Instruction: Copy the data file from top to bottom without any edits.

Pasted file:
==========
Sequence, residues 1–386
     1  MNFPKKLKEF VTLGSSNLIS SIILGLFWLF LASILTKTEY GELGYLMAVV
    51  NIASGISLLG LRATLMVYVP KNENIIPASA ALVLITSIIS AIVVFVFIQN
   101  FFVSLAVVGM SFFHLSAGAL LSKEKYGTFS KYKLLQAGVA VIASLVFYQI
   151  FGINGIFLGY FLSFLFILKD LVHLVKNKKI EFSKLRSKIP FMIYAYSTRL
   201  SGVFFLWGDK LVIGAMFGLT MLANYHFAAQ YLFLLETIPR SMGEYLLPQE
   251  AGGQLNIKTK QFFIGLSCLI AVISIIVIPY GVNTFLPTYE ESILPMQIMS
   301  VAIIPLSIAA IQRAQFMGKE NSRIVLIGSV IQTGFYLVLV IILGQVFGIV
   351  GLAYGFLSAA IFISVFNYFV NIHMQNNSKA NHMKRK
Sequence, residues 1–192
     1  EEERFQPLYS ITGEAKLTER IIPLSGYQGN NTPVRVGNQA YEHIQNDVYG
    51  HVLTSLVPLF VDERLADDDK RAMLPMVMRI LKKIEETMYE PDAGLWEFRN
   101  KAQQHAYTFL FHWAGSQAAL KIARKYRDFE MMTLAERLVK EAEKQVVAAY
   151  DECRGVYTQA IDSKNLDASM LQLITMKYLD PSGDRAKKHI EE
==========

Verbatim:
Sequence, residues 1–386
     1  MNFPKKLKEF VTLGSSNLIS SIILGLFWLF LASILTKTEY GELGYLMAVV
    51  NIASGISLLG LRATLMVYVP KNENIIPASA ALVLITSIIS AIVVFVFIQN
   101  FFVSLAVVGM SFFHLSAGAL LSKEKYGTFS KYKLLQAGVA VIASLVFYQI
   151  FGINGIFLGY FLSFLFILKD LVHLVKNKKI EFSKLRSKIP FMIYAYSTRL
   201  SGVFFLWGDK LVIGAMFGLT MLANYHFAAQ YLFLLETIPR SMGEYLLPQE
   251  AGGQLNIKTK QFFIGLSCLI AVISIIVIPY GVNTFLPTYE ESILPMQIMS
   301  VAIIPLSIAA IQRAQFMGKE NSRIVLIGSV IQTGFYLVLV IILGQVFGIV
   351  GLAYGFLSAA IFISVFNYFV NIHMQNNSKA NHMKRK
Sequence, residues 1–192
     1  EEERFQPLYS ITGEAKLTER IIPLSGYQGN NTPVRVGNQA YEHIQNDVYG
    51  HVLTSLVPLF VDERLADDDK RAMLPMVMRI LKKIEETMYE PDAGLWEFRN
   101  KAQQHAYTFL FHWAGSQAAL KIARKYRDFE MMTLAERLVK EAEKQVVAAY
   151  DECRGVYTQA IDSKNLDASM LQLITMKYLD PSGDRAKKHI EE